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MGM Studios sucks.


I don’t usually like to give away the ending like that, and I’m sorry for ruining the surprise.  I was just trying to figure out the best way to get started on the topic; since as interesting as reading about Tropicana breakfast smoothies are, I’m sure you could give less than half a damn about my morning routine.


So I figured I’d get to the point, and introduce the thesis.  “MGM Studios sucks,” succinct and to the point.  It might, however, not be entirely accurate.


What I am trying to get at is though MGM can be interesting at points; it’s just not worth it.  It’s not worth the $50 admission.  More importantly, it’s not worth the time.  For someone like me, with no car and no park hopper pass, you can go there, be done with everything by 2 PM, and your day is shot.


And this is because of one of MGM’s major problems.  Almost none of the rides or attractions have any re-watchability, re-rideability, or whatever the appropriate term may be.  But I’ll get into that later.



Upon entering, you are met with a giant sorcerer’s hat, which was worn by Mickey in “Fantasia.”  I don’t actually understand why this is the central focus of the park.  Fantasia seems like it would be better suited for The Magic Kingdom than MGM.  Although it is a movie, so maybe it makes sense.  I don’t know.  I don’t get how the hell anything in this park correlates.  Sure, there is the movie theme, but it is Mickey behind the camera.  I don’t even know what MGM actually is.  I think it’s the one with the lion roaring (or in some superior cases, a kitten meowing.) 


Because of the vagueness of the park’s identity, the whole “movie” thing falls flat.  The theme seems to be more along the lines of “Everything else that wouldn’t make sense in Epcot or the Magic Kingdom.”


Universal owns MGM when it comes to movie magic, and considering Universal’s sub-par enjoyment factor, that’s pretty sad.


MGM should just change the theme to a giant garage sale atmosphere.  “You never know what you’re gonna get.  It will probably be trash, but you might find something worth spending money on.”  That fits rather well, actually.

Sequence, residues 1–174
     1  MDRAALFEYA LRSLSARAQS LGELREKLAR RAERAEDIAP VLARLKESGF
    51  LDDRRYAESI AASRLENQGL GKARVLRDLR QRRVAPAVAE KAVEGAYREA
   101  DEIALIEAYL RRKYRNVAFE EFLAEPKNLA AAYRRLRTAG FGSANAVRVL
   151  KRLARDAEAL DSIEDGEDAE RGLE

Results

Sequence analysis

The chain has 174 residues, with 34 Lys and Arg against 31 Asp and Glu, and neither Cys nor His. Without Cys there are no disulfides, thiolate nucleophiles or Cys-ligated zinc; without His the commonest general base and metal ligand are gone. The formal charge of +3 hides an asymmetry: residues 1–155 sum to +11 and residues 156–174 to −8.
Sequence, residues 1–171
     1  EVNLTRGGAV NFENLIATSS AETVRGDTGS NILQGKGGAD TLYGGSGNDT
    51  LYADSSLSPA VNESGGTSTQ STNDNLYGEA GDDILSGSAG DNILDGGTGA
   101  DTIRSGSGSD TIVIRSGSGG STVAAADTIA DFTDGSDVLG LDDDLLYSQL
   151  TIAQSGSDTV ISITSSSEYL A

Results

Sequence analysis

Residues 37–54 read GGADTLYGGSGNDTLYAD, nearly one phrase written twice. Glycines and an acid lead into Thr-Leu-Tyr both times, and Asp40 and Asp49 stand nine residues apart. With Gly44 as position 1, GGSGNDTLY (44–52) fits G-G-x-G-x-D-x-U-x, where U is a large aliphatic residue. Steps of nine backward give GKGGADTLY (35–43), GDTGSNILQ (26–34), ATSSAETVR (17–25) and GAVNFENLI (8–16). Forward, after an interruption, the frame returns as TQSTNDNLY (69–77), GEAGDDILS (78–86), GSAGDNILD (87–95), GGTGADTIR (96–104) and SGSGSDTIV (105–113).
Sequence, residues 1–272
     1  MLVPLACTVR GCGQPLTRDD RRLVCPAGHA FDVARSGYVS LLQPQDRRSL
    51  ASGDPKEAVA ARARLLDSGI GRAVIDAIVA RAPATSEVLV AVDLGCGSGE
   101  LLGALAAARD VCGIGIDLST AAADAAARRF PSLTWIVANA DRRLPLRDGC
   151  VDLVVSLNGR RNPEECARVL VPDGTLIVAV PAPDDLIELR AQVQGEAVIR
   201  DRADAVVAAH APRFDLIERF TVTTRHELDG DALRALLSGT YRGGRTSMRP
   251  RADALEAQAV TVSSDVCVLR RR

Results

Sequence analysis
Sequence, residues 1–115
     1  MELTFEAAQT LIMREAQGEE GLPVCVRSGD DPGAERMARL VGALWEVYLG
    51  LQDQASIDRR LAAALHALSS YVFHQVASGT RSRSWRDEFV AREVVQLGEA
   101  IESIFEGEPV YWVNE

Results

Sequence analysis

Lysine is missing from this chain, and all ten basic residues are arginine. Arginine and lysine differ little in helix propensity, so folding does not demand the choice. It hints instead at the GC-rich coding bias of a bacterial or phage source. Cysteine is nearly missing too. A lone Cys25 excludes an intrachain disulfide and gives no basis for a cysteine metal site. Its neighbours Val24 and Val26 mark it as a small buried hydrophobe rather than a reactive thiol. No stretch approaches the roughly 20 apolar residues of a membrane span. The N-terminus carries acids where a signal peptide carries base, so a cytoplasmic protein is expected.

At the base of the giant hat, people dressed as toy soldiers from “Toy Story” were wandering around.  This has to be one of the worst jobs ever.  Sure, walking around in other character costumes can’t be too comfortable.  But come on, these soldiers are walking around essentially encased in a Ziploc bag in ninety degree weather. 


Of course, I could be wrong about that.


We wound up in the back area of the park.  Not to avoid crowds, but because the park is terribly laid out. 


While the other parks are laid out like this:



MGM is more like:



In the back alleys of the park, we went into the first attraction, “Who Wants to Be a Millionaire?”



You sit in a replica of the studio for the show.  I can’t say how accurate of a replica it is, I don’t know what it really looks like.  We thought that the whole attraction was watching people answer questions to win valuable Disney prizes.  Until we realized that we were supposed to be answering along with our remote controls.  So we didn’t do too well the first round. 


When I was following along, I did rather well.  When the whole thing ended, I was at 5th out of a few hundred people.


I think was set me apart point-wise was that I got a question about the word “equinox” correct.  This would be more impressive if I didn’t know the answer because of a Beastie Boys lyric.


From there, it was on to the MGM back lot tour.  While standing on line, we were tortured with a video about the movie Pearl Harbor, and its producer Jerry Bruckheimer. 





Audience members are then chosen to take part in a water effects part of the tour.  This involves more of the, “ha ha, now you’re wet, jerk” line of audience amusement.






The next part of the ride was a tram tour around the back lot of the park.  Warehouses where props are made and stored are shown.  Sets of certain shows and movies are shown as well.  I can only seem to recall them mentioning the set of the New Mickey Mouse Club.  Now that is actually some interesting stuff. 





The Mickey Mouse Club has launched some of the biggest careers in popular music.  Of course, I am referring to The Party, a band made up of Mickey Mouse Club members.  They have released some of the greatest songs ever, as evidenced by the fact that they have a greatest hits album.





Then it was on to Catastrophe Canyon. 












This is an effects show in the same vein as Twister and Earthquake at Universal.  Basically the tram stops, the ground shakes, then it’s more of that “nyah, there’s water and fire everywhere.”











After the tram, the ride lets out into a very small gallery of movie props, where the theme is movie villains.  This was a temporary show, so it might not still be there.  Which is a shame, since it was quite good.  Then (this is Disney after all,) you are lead into a gift shop.  The items for sale here are very peculiar.  Although as someone who can’t get enough of JTT, it’s nice to get the opportunity to purchase Home Improvement paraphernalia.  I haven’t seen these since Caldor went out of business.